Raised Bed Master Gardeners

Raised beds dry out faster than traditional gardens, especially in the summer heat of the Yakima Valley.

Two weeks ago in this column, we shared information about raised bed gardening.

If you’ve decided to take the plunge after looking at all the advantages — and the few disadvantages — it’s time to take the next step. This week, we’ll discuss how to get started using the “contained” method.

Planning is half the fun. Once you’ve chosen a suitable location for your raised bed(s), sketch out your vision for your new garden. It’s best to make decisions before going to too much trouble and expense. Decide on the size, shape and materials you plan to use to contain the beds. Once the beds are built (or purchased) and put in place, decide on materials for the paths. This can all be done this fall, or it is OK to wait until next spring.

The next step will be filling the beds with soil. Evaluate your property’s soil for depth, texture and compaction to decide whether you can fill your new beds with native soil.

Texture tells us about the ability of soil to hold and drain water and hold nutrients. Soils that are a mixture of sand, silt and clay (called loams) are generally the best soil. You can always go to the local WSU Extension office and ask about having a soil test performed.

Well-aged animal manure and compost are wonderful additives to good native soil. Chemical fertilizers with a balance of 10-10-10 can also be added. High fertility allows for intensive gardening practices such as intercropping, succession planting and extended season crops.

The other important planning consideration is watering your beds. Keep in mind that raised beds dry out faster than a traditional garden, especially in the summer heat.

Approach watering with the idea that it’s better to work smarter, not harder. Think about adding drip irrigation. Drip irrigation uses less water than conventional methods; it is easily installed by the home gardener; and it can be easily customized to your garden. In addition, the water is applied at a slow rate at the root zone so is more easily absorbed by plant roots, and lessens the chance of disease problems caused by wet foliage. The best part is that it reduces weed growth.

Start from your water source and lay out 1/2” poly tubing along the path (you can even hide it under the pathway) to the bed(s). Then place a T in the tubing that goes directly into the bed. Depending on the size and shape of the bed, you can use large tubing with emitters you space or purchase tubing with internal emitters evenly spaced. Connections for poly tubing include: straight (used when extra length is needed or if you accidentally cut a line); T connectors (used to connect several lines or to change direction) and L connectors (used to change direction or to end the last line). Another choice is to use the small spaghetti or micro- tubing. You can also have shut-off valves at each bed or within the bed. That’s handy when you no longer need to water in a particular row.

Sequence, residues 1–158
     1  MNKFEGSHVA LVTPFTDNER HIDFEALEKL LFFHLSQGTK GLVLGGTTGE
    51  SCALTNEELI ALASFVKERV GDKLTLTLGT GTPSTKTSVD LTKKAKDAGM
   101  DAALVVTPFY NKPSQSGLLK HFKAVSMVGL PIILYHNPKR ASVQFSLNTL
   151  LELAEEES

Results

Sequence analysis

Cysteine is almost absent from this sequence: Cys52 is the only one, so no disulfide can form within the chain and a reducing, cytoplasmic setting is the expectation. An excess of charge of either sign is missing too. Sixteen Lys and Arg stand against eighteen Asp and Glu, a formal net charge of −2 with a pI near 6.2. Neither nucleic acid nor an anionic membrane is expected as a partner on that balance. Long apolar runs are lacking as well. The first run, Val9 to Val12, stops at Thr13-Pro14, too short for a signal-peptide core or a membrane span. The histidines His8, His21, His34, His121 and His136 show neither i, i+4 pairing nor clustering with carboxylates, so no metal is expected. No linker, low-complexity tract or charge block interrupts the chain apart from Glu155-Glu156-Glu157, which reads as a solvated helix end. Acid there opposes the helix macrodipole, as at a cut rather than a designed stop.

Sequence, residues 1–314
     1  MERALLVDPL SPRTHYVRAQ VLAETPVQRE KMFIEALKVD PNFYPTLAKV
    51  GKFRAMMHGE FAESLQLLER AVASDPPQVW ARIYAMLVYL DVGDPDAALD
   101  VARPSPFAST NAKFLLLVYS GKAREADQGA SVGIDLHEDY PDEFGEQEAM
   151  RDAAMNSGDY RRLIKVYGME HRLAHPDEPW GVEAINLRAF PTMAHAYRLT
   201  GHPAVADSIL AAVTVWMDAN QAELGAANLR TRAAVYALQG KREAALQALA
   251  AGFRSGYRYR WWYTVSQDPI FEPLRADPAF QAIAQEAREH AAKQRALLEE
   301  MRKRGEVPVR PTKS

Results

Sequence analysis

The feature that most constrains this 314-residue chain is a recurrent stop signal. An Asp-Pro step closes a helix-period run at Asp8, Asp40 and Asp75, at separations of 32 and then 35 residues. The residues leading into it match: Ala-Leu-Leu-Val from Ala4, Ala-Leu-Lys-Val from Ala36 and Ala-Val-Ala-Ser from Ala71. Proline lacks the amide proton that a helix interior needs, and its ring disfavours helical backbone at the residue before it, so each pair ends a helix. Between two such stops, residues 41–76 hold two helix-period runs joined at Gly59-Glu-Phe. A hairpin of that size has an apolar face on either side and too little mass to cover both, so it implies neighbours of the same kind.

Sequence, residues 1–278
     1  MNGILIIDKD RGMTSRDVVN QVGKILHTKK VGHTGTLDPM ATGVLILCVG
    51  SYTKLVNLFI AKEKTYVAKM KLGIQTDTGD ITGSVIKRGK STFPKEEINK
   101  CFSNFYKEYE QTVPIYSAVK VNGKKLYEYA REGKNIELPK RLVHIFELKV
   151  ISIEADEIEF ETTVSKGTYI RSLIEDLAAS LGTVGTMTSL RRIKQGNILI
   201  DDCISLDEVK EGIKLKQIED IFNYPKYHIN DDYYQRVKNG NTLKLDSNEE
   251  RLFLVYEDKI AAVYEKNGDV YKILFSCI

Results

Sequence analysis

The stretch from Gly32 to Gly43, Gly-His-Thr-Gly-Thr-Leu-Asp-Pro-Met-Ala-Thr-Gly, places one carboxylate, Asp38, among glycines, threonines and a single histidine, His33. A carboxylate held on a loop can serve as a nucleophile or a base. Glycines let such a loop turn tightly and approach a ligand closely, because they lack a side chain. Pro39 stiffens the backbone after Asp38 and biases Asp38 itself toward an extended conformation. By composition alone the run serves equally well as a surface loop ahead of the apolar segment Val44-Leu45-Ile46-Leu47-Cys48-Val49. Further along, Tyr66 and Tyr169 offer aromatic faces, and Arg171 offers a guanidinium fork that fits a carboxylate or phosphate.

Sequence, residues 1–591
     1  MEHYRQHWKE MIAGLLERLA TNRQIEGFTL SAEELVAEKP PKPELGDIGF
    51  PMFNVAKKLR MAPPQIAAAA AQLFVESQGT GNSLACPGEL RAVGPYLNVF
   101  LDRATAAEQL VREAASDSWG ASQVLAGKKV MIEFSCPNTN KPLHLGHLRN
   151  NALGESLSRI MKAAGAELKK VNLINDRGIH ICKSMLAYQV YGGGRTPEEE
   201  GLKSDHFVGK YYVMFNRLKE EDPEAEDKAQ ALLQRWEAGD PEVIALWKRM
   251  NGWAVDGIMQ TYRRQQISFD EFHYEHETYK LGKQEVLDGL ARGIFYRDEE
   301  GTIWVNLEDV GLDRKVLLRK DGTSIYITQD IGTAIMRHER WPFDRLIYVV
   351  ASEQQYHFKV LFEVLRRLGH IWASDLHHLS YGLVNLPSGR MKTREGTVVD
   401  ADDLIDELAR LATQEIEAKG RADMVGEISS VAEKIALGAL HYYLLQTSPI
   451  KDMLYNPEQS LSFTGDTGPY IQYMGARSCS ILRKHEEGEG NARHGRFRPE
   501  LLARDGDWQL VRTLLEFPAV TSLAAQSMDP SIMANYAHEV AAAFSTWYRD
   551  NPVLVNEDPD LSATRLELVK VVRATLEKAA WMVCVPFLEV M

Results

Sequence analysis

The only minor disadvantage to drip irrigation is you may need to water more frequently at lighter rates, However, other than turning it on and off, there is very little maintenance.

Now that you have soil and water, you are ready to plant your bed in the spring. You can plant certain vegetables (such as beets, carrots, lettuce, chard, etc.) in rows, but make sure you adhere to the exact spacing requirements for each plant.

A better alternative with bedding plants such as cauliflower, broccoli, cabbage, etc., is to alternate the plants. In order to do this you need to know the diameter of the mature plant as you want them to touch but not overlap. The advantage of that is to reduce sunlight on the soil, thus discouraging weeds.

Another way to discourage weeds is to mulch between plants when they are growing — grass clippings work great. Sprawling plants such as cucumbers or squash, can easily be trellised with a stake, wire cage or small fence. Get creative and repurpose an old metal headboard. Vertical gardening again maximizes the amount of produce you can grow in a small space.

Always plant pollinators within your beds, not only for their beauty but to attract the bees necessary for pollination of many of your plants.

We hope you will find this new way of gardening in raised beds a great way to have more free time to enjoy the beauty around you.

WSU Extension Master Gardener Program is an organization of trained volunteers dedicated to horticulture and community service. The Master Gardener Walk-In Diagnostic Clinic operates from 9 a.m. to noon and 1-4 p.m. Mondays, Wednesdays and Fridays. Direct questions about gardening, landscaping or this program to the Master Gardener Clinic at 509-574-1604, or leave samples for identification at the WSU Extension office. Leave a message with your name, phone number, email address and the nature of your problem or question. You can also email your questions to gardener@co.yakima.wa.us and include pictures if you have them. A member of the Master Gardener Clinic team will check voicemails and emails, and reply as soon as possible. The WSU Extension office is at 2403 S. 18th St., Suite 100, in Union Gap. Call 509-574-1600. New volunteers are welcome.